A Signature Of Not Knowing What They’re Doing

, , , | Working | December 6, 2019

(When I am a kid in the 70s, my mum sets me up with a Post Office Savings Account with her as a trustee. Just after I turn sixteen, my mum and I go in to switch it into my name only. My mum is asked to sign something, and then it is my turn. My full name is quite long; let’s say it’s Elizabeth Suzanne MacKenzie.)

Cashier: “I need you to sign this signature card to put in your Savings Book.”

Me: “Okay.” *signs card*

Cashier: “No, I need you to sign your name.”

Me: “I did.”

Cashier: *sighs* “You signed ‘E MacKenzie.’ The name on the account is ‘Elizabeth Suzanne MacKenzie.’ That’s what you need to sign.”

Me: “But…” *pointing* “…that there is my signature. Do you want me to just write my name?”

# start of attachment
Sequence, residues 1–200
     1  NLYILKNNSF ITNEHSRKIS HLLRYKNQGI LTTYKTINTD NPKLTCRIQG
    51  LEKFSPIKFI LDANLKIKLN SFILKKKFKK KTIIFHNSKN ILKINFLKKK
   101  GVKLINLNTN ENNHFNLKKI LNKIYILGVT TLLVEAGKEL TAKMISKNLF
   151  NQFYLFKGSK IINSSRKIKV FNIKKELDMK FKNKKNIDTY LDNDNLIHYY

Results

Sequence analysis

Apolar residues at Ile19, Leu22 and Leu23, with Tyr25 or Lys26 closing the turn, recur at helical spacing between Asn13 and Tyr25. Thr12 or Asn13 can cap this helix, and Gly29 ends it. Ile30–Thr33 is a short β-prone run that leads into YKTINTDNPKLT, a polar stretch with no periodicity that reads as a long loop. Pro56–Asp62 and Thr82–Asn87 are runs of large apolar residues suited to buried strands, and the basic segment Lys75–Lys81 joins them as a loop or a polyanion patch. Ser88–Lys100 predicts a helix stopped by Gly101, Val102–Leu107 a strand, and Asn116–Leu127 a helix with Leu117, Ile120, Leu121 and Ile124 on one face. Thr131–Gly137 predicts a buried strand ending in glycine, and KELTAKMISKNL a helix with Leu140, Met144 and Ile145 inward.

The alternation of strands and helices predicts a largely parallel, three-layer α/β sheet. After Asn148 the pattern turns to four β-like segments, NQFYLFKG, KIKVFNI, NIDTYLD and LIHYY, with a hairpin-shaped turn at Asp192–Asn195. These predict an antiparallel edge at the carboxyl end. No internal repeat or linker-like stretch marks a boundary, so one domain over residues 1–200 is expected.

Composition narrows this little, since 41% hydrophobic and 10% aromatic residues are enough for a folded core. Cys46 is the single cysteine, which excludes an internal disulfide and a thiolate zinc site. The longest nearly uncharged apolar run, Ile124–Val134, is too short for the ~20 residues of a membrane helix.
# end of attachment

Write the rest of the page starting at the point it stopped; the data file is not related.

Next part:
Cashier: “You need to do your signature, but with your full name.”

Me: “But… my signature, that I use all the time, is that: it’s just my initial and surname. My signature doesn’t have my full name in it.”

Cashier: “Well, we need you to sign your full name.”

Me: “I can write my full name, or I can do a signature, but they’re completely different things. What one do you want?”

Cashier: “You need to sign your full name.”

Me: *totally fed up at this point* “Okay, fine.”

(And that’s why, until I got married ten years later and changed my name, I held an account where my signature was just my name, entirely printed in bold capitals. Yes, apparently that was perfectly acceptable as a “signature.”)

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